The Jim Henson Company is launching a new publishing division this fall, leading with a series of seasonally oriented adventure books aimed at a core girls demo. In partnership with publisher Bloomsbury Children’s Books, Jim Henson Publishing will launch the Enchanted Sisters series this August with Autumn’s Secret Gift, the first of four books that will each be released at the start of a new season.
“We have a rich history of creating deep fantasy worlds,” says Halle Stanford, EVP of children’s entertainment at Henson. “Literature and books are great forums to tell longer adventure-quest stories with authenticity.”
The series tells the story of four Sparkles (Autumn, Winter, Spring and Summer) who, along with Mother Nature, are responsible for turning the seasons and keeping nature in perfect balance. Adventure, friendship and wonder will all be mined for maximum effect throughout the series, according to Stanford.
The first book tells the story of a gift that Autumn receives from Mother Nature, which she proceeds to lose. She then enlists her siblings to help find it again.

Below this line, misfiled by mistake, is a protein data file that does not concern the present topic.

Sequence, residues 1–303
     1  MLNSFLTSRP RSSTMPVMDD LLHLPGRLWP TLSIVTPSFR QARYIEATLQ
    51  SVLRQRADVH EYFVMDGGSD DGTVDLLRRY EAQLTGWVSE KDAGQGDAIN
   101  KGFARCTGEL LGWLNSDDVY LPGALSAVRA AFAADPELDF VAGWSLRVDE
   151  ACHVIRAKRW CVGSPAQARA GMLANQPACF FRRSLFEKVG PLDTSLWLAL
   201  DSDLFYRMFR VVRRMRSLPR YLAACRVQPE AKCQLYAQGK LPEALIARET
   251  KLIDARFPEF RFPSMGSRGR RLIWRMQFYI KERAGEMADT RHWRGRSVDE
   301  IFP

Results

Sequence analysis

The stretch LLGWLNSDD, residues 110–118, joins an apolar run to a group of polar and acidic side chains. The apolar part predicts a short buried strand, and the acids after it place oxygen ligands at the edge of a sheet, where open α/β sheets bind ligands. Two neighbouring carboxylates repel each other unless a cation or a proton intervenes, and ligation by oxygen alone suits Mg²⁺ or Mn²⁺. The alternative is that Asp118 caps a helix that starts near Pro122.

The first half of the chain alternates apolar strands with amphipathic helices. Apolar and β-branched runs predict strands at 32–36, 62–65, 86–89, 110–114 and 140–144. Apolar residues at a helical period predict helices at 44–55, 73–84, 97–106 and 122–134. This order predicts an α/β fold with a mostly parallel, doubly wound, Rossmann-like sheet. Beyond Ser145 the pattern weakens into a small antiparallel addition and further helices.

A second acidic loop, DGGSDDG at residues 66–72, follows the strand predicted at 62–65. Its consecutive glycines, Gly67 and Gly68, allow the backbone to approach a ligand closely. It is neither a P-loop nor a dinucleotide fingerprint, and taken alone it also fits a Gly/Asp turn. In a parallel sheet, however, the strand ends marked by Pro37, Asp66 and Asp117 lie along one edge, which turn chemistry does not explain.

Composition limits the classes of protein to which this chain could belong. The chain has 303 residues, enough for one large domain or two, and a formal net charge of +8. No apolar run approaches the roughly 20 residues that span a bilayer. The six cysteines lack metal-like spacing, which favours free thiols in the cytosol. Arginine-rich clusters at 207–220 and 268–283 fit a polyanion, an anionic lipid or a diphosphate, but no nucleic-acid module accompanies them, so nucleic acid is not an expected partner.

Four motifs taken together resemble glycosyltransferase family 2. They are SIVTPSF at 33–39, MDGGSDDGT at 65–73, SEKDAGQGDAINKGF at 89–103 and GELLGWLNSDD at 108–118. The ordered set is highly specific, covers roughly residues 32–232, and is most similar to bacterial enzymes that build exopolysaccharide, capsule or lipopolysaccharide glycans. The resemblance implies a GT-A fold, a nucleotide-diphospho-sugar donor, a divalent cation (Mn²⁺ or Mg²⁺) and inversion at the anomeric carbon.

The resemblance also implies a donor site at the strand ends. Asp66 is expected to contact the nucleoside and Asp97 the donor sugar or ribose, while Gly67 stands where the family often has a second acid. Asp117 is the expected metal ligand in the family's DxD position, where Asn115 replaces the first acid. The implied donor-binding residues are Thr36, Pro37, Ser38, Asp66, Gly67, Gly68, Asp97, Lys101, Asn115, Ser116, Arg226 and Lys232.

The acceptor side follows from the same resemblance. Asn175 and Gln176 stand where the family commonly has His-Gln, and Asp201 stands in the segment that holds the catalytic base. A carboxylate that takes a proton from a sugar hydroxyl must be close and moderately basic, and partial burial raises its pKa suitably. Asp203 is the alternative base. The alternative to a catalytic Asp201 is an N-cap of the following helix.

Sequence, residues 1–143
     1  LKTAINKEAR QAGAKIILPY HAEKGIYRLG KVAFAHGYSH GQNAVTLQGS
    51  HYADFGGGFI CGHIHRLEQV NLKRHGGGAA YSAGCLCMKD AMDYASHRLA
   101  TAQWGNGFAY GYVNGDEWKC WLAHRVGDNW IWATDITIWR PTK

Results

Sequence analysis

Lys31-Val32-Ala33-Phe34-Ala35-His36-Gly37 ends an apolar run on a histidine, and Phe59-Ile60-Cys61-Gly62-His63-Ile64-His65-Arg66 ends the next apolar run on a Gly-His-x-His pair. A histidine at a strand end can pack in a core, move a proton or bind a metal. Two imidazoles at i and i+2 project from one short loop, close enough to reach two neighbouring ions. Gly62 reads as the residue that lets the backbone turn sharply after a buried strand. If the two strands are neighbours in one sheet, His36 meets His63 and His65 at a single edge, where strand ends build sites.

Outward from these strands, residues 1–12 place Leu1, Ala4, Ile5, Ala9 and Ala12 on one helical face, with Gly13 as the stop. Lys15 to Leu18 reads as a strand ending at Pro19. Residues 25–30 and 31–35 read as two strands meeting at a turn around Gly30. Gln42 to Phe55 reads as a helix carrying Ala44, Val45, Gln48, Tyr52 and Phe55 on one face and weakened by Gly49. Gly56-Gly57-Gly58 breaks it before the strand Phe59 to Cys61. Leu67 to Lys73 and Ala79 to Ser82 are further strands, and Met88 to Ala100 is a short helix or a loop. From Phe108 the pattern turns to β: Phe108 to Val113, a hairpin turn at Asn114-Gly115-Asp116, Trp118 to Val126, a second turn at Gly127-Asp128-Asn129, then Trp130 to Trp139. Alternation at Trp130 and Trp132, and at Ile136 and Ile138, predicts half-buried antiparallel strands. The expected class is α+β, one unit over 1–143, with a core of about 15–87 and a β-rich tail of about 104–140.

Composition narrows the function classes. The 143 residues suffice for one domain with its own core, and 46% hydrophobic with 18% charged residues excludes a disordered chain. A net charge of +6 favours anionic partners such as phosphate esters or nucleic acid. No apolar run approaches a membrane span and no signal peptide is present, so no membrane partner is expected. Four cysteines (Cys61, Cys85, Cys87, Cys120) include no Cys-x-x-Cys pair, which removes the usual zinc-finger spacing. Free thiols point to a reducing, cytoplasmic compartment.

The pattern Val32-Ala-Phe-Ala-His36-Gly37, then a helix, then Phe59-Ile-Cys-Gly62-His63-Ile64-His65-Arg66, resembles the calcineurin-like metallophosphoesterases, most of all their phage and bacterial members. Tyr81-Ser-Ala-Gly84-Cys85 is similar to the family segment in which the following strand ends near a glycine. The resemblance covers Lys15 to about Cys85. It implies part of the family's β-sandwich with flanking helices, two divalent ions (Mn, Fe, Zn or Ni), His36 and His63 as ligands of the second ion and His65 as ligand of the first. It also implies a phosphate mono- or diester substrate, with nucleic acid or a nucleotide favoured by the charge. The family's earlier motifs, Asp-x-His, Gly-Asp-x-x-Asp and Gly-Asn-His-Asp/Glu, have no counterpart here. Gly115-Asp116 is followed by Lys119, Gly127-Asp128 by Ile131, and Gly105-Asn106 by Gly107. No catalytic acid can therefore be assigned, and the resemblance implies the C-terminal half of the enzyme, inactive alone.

The initial title was written by New York Times bestselling author Elise Allen, with character design by Paige Pooler, known for her work for Disney, Nickelodeon and Scholastic.
Stanford says the illustrations and the story will set the series apart from other girl-oriented fantasy products on the market. “It’s 2D and traditional illustrations, but with very colorful and adorable details,” she says. “The details of the world are as if a nine-year-old girl imagined Tolkien’s Middle Earth.”
While the books are being prepared for publication, Henson is already looking to take its new IP into the TV realm and eventually to a fully realized licensing and merchandising program. “You can imagine the TV series,” says Stanford. “It would be a female-led adventure. We can see how popular something like Hunger Games or Frozen is—the adventure aspect of it would lend itself well to TV.”
Appropriately, the entire creative team behind the new series is comprised of women. “We are all actually the enchanted sisters,” laughs Stanford. “Girl power isn’t something new for us — it’s something Henson has been doing for years.”